Orphan Train by Christina Baker Kline

Photo Credit: William Morrow Paperbacks

This book was sent to Traveling With T for review consideration.

Orphan Train


Vivian Daly- a 91 year old woman. Outlived every person in her life that has meant something to her (and outlived the people that did not mean anything to her, as well). Vivian, as you see her today, appears to have lived in the lap of luxury. A nice house, money, fine things filling the house. But looks can be deceiving.

Vivian, in her early years, was aboard a train called the Orphan Train. It was a way to help orphans find new homes instead of living at the orphanage till they were adults. Of course, the orphan train was a nice idea in theory only. People would come to where the train would stop to find kids to be part of the family, or farmhands, or girls to clean and sew. Some did have honorable intentions- but some did not.

When 91 year old Vivian meets Molly, a teenager who has been shuttled from house to house in an attempt to find a suitable foster home, Molly thinks that she and Vivian have nothing in common. As Molly helps clean Vivian’s attic, though, she is surprised to find that not only do they have things in common; but that Molly feels a connection with Vivian.

While Molly completes her community service hours helping Vivian, she begins to learn about Vivian’s past. The hard times, the good times, and how the orphan train played a part in shaping what Vivian’s life is today.

Orphan Train, told in alternating view-points, Depression-era Minnesota and current-day Maine- is a story that will make the reader laugh, cry, and feel deeply touched. It’s a story about humanity-at it’s best and it’s worst. It’s a story about how life takes twists and turns, takes people places they never dreamed could happen in their life. It’s a story that shows the readers you’re never too old to learn new things. It’s a story that shows readers that even if love has disappointed  in the past, it should always be welcomed into life.

Orphan Train– heartfelt, emotional, and worth a read. Share with friends. With loved ones. With book clubs. It’s a book that exposes the reader to history, to happiness and sadness, and to memorable characters.



15 thoughts on “Orphan Train by Christina Baker Kline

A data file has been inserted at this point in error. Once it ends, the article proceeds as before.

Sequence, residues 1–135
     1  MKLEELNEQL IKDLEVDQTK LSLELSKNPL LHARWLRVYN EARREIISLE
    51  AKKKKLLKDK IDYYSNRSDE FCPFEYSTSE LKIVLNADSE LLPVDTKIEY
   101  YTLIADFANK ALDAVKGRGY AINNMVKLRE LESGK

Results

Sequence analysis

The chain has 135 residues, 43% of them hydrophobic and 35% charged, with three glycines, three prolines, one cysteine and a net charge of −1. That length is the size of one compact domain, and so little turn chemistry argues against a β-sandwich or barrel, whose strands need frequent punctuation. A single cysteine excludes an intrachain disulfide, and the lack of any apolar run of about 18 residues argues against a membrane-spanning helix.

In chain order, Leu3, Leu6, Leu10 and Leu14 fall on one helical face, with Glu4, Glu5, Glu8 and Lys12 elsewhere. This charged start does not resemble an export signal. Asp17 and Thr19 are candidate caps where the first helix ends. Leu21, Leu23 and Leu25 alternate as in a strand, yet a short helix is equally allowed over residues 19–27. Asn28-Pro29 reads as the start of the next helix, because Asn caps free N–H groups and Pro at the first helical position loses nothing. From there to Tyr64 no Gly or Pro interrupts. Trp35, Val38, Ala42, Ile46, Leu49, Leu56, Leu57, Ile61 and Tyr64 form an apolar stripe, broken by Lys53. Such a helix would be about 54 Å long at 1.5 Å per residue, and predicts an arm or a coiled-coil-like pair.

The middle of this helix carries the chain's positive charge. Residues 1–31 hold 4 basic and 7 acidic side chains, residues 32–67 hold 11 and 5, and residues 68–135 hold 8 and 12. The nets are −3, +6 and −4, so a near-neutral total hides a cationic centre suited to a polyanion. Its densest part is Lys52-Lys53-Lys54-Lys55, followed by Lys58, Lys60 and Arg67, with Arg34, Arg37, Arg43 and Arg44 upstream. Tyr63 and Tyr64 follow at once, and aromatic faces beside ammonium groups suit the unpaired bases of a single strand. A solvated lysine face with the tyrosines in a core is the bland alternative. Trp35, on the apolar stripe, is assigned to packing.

1. I’ve read a few good reviews and I’m really going to take everyone up on their recommendation – The Orphan Train sounds like a great book 🙂

    • Me too! I would have finished it Fri night- but I had to go to bed early b/c I had a big day planned with my brother. Sunday, tho, I sat down and read the last 100 pages in no time! Already beginning my notes for Twitter chat/discussion!

  2. Wasn’t it so good? I’ve already loaned it out to a friend and will definitely encourage more to read it. It’s a wonderful book club read. I enjoyed your review.

    • Thank you! And yes, it was so good! I absolutely loved it. Thought it was so great! Don’t forget about Twitter chat (I’ll announce on Twitter when I know the details) and the discussion at the end of each month on She Reads!

  3. Loved your review!!! I totally agree with what you’ve said. My heart bled for Vivian when she was forced to stay with the Grote family. I wanted to reach into the page of the book and pull her out of that situation altogether, give her a hug, and bring her home.

    Great review, thanks!


    • Aww thanks, Louise!

      My heart just hurt for Vivian- so much went wrong- and yet, she rose up above it all. She’s a great character!

      Those Grote people, though, grrr- I wanted someone to wise up to them. And fast.

    • Yay! I’ll see you in the discussion! It’ll start Monday (I have to update my countdown clock- I was looking at wrong date when I picked the date!) She Reads will take the month of June off (summer just beginning, vacations, etc) from the Book of the Month (although there will be selections and more being spotlighted all June!) We’ll be back in full force in July!

Leave a Reply

Fill in your details below or click an icon to log in:

WordPress.com Logo

You are commenting using your WordPress.com account. Log Out /  Change )

Facebook photo

You are commenting using your Facebook account. Log Out /  Change )

Connecting to %s

This site uses Akismet to reduce spam. Learn how your comment data is processed.